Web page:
Knudåge RIISAGER (1897-1974)
Bricconata (Prank) (1952) [4:16]
Aquarelle in E major (1917) [4:03]
Palavas (1951) [2:31]
Romance in C major (1914) [1:44]
Minuet (1916) [1:44]
Sovesang (Lullaby) (1936 arr violin c.1952) [2:08]
Violin Sonata No.2, Op.5 (1923-24) [19:29]
Sonata for two solo violins, Op.55b (1951) [15:28] ¹
Concertino for five violins and piano, Op.28a (1933) [8:42] ²
Johannes Søe Hansen (violin): Christina Bjørkøe (piano)
Anne Søe Iwan (violin) ¹
Anne Søe Iwan, Inkeri Vänskä, Inger Ørbæk Lerch Høj, Christian Ellegaard
rec. December 2011, Royal Danish Academy of Music
Knudåge Riisager was a violinist as well as a composer and he composed for the instrument over the course of his working life. The works in this disc are written for small-scale forces and date from the youthful Romance in C, composed in 1914, to the works written in his maturity in the early 1950s.
He was certainly in thrall to Scandinavian models when, as seventeen year-old, he penned the Romance; Svendsen, maybe, is the most prominent and the Minuet which followed the following year hints, here and there, that he knew his Kreisler as well. Rather defter, and showing more awareness of contemporary changes in harmony, is the Aquarelle in E major of 1917. This attractive watercolour reveals a fairly rapid mastery of material.
Continuing chronologically – though the disc doesn’t do so – we reach the Sonata No.2, Op.5, which was written in Paris between 1923 and ’24. This work represents an even bigger advance and ushers in Riisager’s maturity. There are late-Romantic elements, certainly, some of them indeed quite lush. But with some tart post-War harmonies and sideways glances at Stravinsky and even Prokofiev, the music is often tensile and exciting. The slow movement, whilst not in any way inexpressive, is quite cool, and this acts as a good foil to the outer one’s drive.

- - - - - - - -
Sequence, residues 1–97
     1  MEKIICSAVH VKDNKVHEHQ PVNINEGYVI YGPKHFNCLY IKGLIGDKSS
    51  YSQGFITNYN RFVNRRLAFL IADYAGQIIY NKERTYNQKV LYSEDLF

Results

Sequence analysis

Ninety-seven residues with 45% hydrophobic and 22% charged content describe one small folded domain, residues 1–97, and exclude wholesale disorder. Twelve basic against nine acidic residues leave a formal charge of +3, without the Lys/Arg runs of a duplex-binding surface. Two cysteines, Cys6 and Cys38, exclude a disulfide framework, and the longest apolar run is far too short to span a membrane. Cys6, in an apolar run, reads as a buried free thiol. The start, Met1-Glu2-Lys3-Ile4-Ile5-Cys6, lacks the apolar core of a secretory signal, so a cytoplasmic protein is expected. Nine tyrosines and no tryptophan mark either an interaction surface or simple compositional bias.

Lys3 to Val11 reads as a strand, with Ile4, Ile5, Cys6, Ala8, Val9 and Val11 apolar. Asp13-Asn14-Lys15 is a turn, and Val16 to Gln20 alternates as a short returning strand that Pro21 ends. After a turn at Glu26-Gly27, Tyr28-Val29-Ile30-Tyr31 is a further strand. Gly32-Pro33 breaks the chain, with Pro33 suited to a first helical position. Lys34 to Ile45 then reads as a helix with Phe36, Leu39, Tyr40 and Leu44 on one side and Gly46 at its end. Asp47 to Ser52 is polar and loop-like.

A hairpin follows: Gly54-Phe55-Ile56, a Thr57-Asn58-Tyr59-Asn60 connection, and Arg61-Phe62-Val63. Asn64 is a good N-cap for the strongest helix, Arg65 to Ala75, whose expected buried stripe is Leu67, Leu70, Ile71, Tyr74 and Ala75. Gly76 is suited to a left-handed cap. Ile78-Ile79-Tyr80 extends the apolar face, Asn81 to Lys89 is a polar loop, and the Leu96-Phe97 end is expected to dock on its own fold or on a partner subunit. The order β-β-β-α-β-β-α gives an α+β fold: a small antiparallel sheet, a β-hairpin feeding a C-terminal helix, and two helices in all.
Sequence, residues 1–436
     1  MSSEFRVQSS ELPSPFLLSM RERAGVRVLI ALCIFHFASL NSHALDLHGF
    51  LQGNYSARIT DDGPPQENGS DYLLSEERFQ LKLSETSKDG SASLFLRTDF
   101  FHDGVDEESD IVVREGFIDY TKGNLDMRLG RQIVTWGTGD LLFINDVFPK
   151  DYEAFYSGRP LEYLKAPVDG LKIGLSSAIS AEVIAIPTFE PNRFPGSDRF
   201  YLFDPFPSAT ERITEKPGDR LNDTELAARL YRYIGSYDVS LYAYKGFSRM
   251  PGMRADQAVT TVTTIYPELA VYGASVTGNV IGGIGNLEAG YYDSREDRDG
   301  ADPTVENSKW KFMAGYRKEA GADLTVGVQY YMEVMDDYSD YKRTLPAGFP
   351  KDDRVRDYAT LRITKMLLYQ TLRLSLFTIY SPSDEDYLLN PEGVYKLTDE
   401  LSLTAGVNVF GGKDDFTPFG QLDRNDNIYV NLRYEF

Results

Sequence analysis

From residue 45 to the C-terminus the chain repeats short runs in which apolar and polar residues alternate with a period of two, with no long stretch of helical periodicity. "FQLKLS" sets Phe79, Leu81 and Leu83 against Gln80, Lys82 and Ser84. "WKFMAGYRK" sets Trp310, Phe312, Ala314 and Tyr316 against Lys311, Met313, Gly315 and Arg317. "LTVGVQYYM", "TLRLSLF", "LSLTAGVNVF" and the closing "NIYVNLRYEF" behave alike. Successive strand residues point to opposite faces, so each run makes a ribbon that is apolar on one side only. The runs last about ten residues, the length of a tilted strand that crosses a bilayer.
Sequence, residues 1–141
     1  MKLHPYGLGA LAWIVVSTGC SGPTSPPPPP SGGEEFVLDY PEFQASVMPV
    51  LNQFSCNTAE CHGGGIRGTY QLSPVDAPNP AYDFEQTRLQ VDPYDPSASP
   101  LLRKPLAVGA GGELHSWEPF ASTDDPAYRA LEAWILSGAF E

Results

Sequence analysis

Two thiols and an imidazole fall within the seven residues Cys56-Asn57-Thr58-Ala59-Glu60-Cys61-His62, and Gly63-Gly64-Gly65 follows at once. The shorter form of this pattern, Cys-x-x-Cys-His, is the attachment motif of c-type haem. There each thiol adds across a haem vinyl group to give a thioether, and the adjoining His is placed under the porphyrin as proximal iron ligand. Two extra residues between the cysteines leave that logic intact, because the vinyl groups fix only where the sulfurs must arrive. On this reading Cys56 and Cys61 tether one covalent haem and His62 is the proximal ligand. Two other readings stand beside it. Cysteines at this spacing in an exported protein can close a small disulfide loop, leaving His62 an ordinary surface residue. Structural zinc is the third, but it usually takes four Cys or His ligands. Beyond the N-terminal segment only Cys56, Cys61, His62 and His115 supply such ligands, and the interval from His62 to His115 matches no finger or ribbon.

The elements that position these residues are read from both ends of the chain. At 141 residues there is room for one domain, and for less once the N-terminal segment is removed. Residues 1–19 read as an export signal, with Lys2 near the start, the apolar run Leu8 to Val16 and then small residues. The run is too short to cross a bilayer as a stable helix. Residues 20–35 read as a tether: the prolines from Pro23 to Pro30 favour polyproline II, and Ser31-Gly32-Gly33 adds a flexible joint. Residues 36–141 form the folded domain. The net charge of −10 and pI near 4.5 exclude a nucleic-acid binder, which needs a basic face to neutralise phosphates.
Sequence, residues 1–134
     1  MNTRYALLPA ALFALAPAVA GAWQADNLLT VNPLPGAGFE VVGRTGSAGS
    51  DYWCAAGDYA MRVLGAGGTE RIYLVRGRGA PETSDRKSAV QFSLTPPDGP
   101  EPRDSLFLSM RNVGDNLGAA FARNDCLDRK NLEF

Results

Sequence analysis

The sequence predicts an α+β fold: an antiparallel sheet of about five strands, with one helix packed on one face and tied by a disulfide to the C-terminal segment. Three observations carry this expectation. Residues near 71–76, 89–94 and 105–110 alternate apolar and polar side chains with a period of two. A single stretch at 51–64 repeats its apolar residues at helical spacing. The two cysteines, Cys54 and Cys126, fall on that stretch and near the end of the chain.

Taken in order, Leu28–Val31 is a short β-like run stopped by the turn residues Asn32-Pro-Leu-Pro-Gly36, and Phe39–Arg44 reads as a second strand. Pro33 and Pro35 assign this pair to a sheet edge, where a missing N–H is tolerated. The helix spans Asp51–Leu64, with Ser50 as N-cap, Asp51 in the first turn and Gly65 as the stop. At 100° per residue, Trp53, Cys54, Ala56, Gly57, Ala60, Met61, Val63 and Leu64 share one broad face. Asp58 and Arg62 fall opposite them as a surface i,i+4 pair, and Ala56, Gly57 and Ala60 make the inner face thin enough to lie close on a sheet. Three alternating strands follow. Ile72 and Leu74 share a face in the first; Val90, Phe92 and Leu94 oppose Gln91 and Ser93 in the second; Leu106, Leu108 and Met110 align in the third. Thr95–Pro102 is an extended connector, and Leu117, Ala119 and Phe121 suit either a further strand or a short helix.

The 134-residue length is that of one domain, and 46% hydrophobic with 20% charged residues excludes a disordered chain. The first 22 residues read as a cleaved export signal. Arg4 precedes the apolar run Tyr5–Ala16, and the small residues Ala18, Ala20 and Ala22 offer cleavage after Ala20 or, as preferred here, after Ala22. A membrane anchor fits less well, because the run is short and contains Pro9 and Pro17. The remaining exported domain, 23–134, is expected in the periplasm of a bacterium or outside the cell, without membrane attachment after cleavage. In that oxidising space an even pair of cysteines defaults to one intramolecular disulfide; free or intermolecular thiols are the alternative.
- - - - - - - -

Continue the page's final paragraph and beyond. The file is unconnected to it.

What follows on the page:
We’ve not discussed Riisager and neo-classicism, but that must be faced when, in 1933, he completed his Concertino for five violins and piano, Op.28a. He had been influenced by his studies in Leipzig the previous year and this clean-limbed piece, so cleverly written for the seemingly awkward combination, achieves a rare beauty in the slow movement. This is beautifully textured and reveals some unashamed romanticism amidst the more motoric freedoms of the outer movements.
After the War, Riisager found a muse in Wandy Tworek, a splendid violinist who made quite a few discs. He wrote Bricconata (Prank) for Tworek in 1952 and this genial virtuosic caprice pays testament to that effervescent fiddle player, who was also the dedicatee of Riisager’s excellent Violin Concerto: listen to Kai Laursen’s performance of the revised version on Danacord DACOCD468. Palavas (19510)is a Paganinian Fingerbuster, written for Tworek to dazzle his audiences. Whilst Sovesang (Lullaby) is an arrangement of a song it’s tastefully laid out for violin and piano and shows the composer’s gift for melody. Finally there is the Sonata for Two Solo Violins which could almost rival Prokofiev’s work for the same combination. It’s a neo-baroque piece full of resinous drive, sonic interest and interplay.
It’s worthwhile to point out that Tworek recorded the Lullaby and Palavas for Polyphon and the Second Violin Sonata – and the Piano Trio – for Decca LP. I think Danacord’s Historic wing is perfectly placed to restore these and other performances from a nearly forgotten fiddle player: I have a considerable wish-list.
The performances in this Dacapo disc however are excellent. Johannes Søe Hansen is very well teamed with Christina Bjørkøe and they make a fine case for the music. The other string players make a commendable ensemble in the Concertino. With first class notes and recorded sound Riisager is in the finest of hands here.